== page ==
Since the Kyoto Protocal, is an important to address that since the international agreement was implemented, it has not been able to succeed because of the different goals and objectives of governemnts.

Cooperation as in trade offs is a principal limitation in the commitment of an opposing party. Most of the governments involved in the transformation of climate change today have different objectives and goals on what is most important. For example, while the U.S. is one of the biggest contributors to emissions in CO2, China and India have had little ambition for effective cooperation, meanwhile Russia and emerging countries are more focused on the development of countries rather than emissions. These states have different goals of what is actually going to be effective for the international community. The EU meanwhile is the second largest contributor but has made effective effectiveness in its contribution, resulting in the fact the impediments are more international. Most of these countries obtain the failure to cooperate because countries end up failing to come up with their own interests or assemble each other towards a common goal. In Victor’s scholarly article, Toward Effective International Cooperation on Climate Change he mentioned to cooperate under transaction costs, it is vital to comprehend the capacity that these treaties, organizations and norms can do to assist cooperation facility between countries and their goals towards climate change. There is only so much that an organization can do when the level of interests of these countries vary in multiple ways. Treaties have the ability to manage these climate change projects, however, if governments are not finding creative ways to be a part of process of these projects then treaties are almost ineffective.

Instead of going through a binding agreement, the best process for a government to do is to establish a non-binding agreement in order for there to be an open environment for governments to commit to more ambitious goals without it being held against them. It is vital to comprehend that these governments have their own self-interests and most of them have different opinions on what the international community is suppose to do about climate change initiatives. It is important that there is a universal agreement because what this will do first is give states the ability of having an agreement manage the process of global change in order for every government to be on the same page of the process. However, it is important that instead of it being a binding project that it would be a non-binding linkage so that governments can challenge themselves more and work together towards global governance. It is important that the agreement is embedded in the institution. In order to understand who is advancing towards this goal, it is important to address the governments national performance.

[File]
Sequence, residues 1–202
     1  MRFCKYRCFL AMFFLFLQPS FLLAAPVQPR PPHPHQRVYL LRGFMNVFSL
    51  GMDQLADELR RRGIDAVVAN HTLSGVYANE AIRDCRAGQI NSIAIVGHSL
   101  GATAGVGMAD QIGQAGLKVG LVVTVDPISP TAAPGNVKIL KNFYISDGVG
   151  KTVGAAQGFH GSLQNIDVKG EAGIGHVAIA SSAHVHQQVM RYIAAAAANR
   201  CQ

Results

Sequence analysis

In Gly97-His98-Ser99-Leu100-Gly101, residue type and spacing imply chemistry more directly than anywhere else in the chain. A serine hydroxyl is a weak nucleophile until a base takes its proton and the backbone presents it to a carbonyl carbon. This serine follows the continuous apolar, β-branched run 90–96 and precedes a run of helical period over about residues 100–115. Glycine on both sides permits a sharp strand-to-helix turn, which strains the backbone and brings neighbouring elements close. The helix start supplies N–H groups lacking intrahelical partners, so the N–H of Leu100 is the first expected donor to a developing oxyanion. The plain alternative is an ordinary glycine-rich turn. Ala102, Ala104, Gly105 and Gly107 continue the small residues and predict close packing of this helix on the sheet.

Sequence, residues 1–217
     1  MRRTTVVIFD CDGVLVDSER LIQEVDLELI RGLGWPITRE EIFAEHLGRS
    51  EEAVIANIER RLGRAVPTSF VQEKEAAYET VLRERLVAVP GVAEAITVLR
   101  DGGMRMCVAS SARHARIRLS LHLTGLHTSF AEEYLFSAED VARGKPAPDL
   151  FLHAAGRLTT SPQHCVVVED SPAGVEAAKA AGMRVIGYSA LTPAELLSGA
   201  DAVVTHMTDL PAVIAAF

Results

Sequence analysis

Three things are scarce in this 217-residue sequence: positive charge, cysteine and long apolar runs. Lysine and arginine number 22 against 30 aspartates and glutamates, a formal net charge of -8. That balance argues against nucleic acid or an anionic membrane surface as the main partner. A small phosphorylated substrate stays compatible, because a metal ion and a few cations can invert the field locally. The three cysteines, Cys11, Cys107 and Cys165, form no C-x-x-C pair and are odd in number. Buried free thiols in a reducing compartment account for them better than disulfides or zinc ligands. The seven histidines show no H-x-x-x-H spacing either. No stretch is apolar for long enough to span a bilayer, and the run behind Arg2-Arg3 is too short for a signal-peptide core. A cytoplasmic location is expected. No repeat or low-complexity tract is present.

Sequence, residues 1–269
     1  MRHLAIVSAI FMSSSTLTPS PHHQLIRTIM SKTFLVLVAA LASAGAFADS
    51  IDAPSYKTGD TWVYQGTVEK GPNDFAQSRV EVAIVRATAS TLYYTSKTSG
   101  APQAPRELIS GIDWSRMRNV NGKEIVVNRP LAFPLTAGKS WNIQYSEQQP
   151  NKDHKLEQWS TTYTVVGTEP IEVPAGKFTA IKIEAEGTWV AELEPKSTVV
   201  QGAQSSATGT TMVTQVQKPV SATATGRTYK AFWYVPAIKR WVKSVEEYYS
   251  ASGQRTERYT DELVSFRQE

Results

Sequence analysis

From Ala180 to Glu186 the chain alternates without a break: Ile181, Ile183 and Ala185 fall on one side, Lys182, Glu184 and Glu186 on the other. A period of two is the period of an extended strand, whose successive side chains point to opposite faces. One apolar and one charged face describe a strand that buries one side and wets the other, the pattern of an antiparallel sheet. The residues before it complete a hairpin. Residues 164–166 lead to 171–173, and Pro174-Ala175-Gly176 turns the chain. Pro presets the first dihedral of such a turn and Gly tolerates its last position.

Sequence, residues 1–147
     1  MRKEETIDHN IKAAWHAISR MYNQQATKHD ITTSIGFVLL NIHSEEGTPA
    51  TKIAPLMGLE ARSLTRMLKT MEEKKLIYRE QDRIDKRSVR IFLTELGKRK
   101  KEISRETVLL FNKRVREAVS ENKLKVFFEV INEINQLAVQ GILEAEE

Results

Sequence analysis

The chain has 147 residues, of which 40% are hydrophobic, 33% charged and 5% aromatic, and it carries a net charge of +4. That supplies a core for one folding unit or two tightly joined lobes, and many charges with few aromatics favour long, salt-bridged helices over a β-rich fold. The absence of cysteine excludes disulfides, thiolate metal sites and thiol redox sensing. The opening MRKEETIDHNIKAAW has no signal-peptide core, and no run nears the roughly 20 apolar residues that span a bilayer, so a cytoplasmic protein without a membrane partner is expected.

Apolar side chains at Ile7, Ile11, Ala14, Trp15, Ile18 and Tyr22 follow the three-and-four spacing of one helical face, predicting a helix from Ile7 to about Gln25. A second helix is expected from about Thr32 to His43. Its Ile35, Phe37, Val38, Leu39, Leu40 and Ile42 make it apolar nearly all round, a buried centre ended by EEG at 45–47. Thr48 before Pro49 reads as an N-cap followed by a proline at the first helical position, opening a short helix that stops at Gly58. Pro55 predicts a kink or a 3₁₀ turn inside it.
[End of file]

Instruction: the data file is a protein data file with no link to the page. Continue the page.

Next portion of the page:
Since the League of Nations, there has always been a contested fear of these governments to fully commit to its principals. Although treaties can provide a managing universal agreement, as stated before, we live in a realist world and ultimately people are bound to be drawn towards their own goals and self interests. However that being said, instead of having a fully broad group of governments involved in this change, it is ideal that a number of strong governments are able to take the lead in the future of changing our climate if they have the capacity and ability.



  1. Good afternoon,

    I agree that the governments involved in the transformation of climate change have different goals and objectives. I think that that is one of the main reasons that prevent states from cooperating. I believe that it is hard for them to see the big picture rather than to be focused on what is good for their people individually. After all, it is a collective effort and that is the only way to solve this global problem. This leads to the following: the obstacles are international, not domestic. This comes as a result of international mistrust, as a realist would say, which makes it hard, if not impossible, for states to cooperate. I also agree that treaties have the ability to enhance state participation and cooperation. However, I believe that it should be framed more as a universal agreement, more like a social contract amongst states, in order for them to comply. It should be seen as the idea of everyone sacrificing something in order to achieve a common goal. In other words, the concept of having different interests, but by minimizing the costs, everyone will be able to see the benefits. I concur with the idea that states should establish a non-binding agreement; this way states can modify it as they see fit and if they see that it doesn’t work, propose changes accordingly. However, I do not believe that the non-binding agreement/universal agreement should be dealt with by strong government. I think that it should be a group of expert individuals, without taking citizenship into account, that should deal with it. This way it would be an unbiased, or less biased, process than having strong government deal with it. Also, it would allow developing countries to be taken into consideration rather than expecting them to comply with orders/actions that might solely benefit the strong states.


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